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In an exclusive TODAY interview, America’s new United Nations Ambassador Samantha Power discusses her hopefulness about a landmark deal to rid Syria of its chemical weapons, while noting that Syria still faces the threat of military force.
“We wouldn't even be in this discussion about getting rid of Syria's chemical weapons if not for the credible threat of military force,” Power said. “(President Obama) has not taken that threat off the table. I think Russia is aware that that threat still exists. Syria's aware that threat still exists.”
In an interview with Savannah Guthrie that aired Thursday, Power talked about the significance of the chemical weapons deal with Syria, which calls for Syrian President Bashar Assad to allow international inspectors to eliminate his chemical arsenal by the middle of 2014.
“This is the first resolution that has ever required Syria to do anything,” Power said. “Russia has been taking it by the hand, you know, putting it under its wing and shielding it from any international pressure of any kind.
“We think it is very significant that Syria is now legally required by the world, by Russia and the United States, to give up its chemical weapons.”
Power, 43, has had a whirlwind, high-stakes introduction to her new job since she was sworn in as the United States’ Ambassador to the United Nations on Aug. 2. Shortly after assuming that role, she helped negotiate the chemical weapons deal.
In the interview, Guthrie pointed out that the deal does not have an automatic enforcement provision.
“So can you really say it's a resolution that has teeth that will bite?” Guthrie asked.
“We ... wrote into the resolution a series of relatively clear benchmarks as to what compliance would look like,” Power answered. “So we are hopeful that if the Syrian regime deviates, the clear contrast between the words in the resolution and events on the ground will be evident to the whole council.”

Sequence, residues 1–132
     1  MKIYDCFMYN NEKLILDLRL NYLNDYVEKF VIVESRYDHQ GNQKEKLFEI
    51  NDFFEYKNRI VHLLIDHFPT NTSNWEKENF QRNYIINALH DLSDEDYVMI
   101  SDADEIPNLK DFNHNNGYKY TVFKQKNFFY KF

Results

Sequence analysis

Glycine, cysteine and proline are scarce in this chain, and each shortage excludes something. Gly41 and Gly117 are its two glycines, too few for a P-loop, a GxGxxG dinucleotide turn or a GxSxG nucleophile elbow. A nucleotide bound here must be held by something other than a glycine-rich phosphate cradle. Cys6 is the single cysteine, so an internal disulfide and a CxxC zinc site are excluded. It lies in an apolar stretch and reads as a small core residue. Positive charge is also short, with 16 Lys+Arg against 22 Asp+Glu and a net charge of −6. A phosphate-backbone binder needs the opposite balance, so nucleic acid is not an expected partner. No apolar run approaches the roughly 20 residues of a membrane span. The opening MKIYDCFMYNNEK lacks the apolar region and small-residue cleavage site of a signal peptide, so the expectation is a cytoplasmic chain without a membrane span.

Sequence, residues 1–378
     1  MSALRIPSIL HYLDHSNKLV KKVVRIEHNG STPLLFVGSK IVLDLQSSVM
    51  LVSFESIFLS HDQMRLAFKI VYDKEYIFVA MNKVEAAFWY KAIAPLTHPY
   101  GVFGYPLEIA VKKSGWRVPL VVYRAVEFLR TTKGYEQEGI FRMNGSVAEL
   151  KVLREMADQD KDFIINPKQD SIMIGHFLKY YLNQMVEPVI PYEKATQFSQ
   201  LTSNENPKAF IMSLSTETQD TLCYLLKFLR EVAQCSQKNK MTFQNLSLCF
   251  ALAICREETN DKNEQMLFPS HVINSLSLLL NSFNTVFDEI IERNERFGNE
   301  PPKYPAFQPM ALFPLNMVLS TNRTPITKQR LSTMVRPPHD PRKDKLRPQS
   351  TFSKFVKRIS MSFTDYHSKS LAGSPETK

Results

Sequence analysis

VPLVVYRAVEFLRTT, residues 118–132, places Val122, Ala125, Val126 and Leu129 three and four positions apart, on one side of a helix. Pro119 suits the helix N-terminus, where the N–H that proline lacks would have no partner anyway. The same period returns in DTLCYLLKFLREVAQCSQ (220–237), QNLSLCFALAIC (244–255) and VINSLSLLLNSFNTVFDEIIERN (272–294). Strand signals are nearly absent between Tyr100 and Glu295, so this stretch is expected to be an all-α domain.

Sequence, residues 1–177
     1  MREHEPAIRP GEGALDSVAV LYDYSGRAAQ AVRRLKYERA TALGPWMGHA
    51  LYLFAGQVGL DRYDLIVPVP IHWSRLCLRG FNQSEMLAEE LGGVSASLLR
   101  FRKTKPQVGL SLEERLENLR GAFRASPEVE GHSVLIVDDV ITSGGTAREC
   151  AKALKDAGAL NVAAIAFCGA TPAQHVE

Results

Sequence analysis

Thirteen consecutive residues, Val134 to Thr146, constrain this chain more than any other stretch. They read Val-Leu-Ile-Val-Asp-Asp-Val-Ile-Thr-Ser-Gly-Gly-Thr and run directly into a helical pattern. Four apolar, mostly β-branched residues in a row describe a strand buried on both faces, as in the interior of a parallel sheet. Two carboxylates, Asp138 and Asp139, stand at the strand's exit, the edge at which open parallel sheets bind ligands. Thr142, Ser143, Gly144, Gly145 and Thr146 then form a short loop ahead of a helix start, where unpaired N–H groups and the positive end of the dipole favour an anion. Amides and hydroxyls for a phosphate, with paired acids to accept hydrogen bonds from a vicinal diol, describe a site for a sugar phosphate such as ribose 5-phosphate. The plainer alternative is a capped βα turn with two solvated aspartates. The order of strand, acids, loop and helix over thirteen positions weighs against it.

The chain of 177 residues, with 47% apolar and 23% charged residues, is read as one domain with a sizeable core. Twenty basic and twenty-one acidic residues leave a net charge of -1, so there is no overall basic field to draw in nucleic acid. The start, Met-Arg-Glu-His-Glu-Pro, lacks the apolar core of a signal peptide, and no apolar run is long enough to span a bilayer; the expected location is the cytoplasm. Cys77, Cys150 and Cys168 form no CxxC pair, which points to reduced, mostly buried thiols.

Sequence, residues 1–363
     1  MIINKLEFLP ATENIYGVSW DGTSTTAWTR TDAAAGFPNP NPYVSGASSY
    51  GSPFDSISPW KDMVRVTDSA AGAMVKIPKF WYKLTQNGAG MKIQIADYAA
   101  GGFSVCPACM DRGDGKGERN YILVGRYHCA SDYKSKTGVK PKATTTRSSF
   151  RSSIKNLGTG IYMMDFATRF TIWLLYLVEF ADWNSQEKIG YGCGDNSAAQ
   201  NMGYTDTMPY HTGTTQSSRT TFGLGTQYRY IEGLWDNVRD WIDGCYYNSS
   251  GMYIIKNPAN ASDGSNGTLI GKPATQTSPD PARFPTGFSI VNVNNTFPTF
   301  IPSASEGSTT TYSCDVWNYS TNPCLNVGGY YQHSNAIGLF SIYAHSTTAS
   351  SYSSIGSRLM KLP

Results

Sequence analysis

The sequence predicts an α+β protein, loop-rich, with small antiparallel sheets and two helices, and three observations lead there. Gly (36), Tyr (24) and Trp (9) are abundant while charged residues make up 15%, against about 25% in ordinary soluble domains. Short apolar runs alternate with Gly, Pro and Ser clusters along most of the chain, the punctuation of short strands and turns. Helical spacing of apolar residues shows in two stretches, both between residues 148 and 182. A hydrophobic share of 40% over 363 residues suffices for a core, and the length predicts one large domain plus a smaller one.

Power also talked with Guthrie about her role as the mother of the youngest children ever to live in the UN ambassador’s official residence: her 4-year-old son, Declan, and her 1-year-old daughter, Rían.
“Is it harder than you thought it would be to be a mom of two little kids and have this huge new job?” Guthrie asked Power.
“You never feel like you're ... bringing your A-game to everything at the same time. So something gives,” Power confessed. “And you know, those who say that nothing gives have mastered cloning, I think ...
“And I can feel, you know, even when we leave in the morning just a level of clinginess and, ‘Are you really coming home? Are you really?’ You know, the other day (my son) said, 'No more security council resolutions.’”
Power came to the United States at age 9, the daughter of Irish immigrants. She grew up to be a freelance journalist who chronicled the atrocities of Bosnia and Sudan and won a Pulitzer prize for her book, “A Problem from Hell: America and the Age of Genocide.”
Her writing eventually caught the attention of Obama, for whom she first went to work at great expense in pay and stature.
“Indentured servitude, I think,” she joked, adding that what she gave up as a “fanatic Red Sox fan” was the greater sacrifice.
“I had just gotten a slice for the first time in years of season tickets in a Red Sox package, basically, which are impossible to get,” she said.
She described meeting with Obama, then a U.S. senator from Illinois, about possibly going to work for him over dinner.
“Three hours in, I heard myself saying, you know, ‘Why don't I move to Washington and basically do whatever you'll have me do in your office?’” she said. “And it was only when I left the dinner an hour or two later that I realized that I was, in effect, giving up my season tickets claim for this man.”
Power’s dedication to Obama caused her some problems when she went to work as a senior foreign policy advisor during his first presidential campaign in 2008.
After being quoted as calling Hillary Clinton a “monster,” Power was banished from the Obama campaign.
She apologized to Clinton but the incident still causes her pain.
“You lose your temper and you're in a campaign and things go back and forth. But it just completely broke my heart,” she said. “There is a fair amount of negativity heaped upon her that I find massively unfair. And the idea that I could have contributed in some way to that narrative, that was terrible.”
“I have regretted it pretty much every day since,” she said, although she expressed gratefulness for the opportunity to have worked with the former secretary of state during the past four years.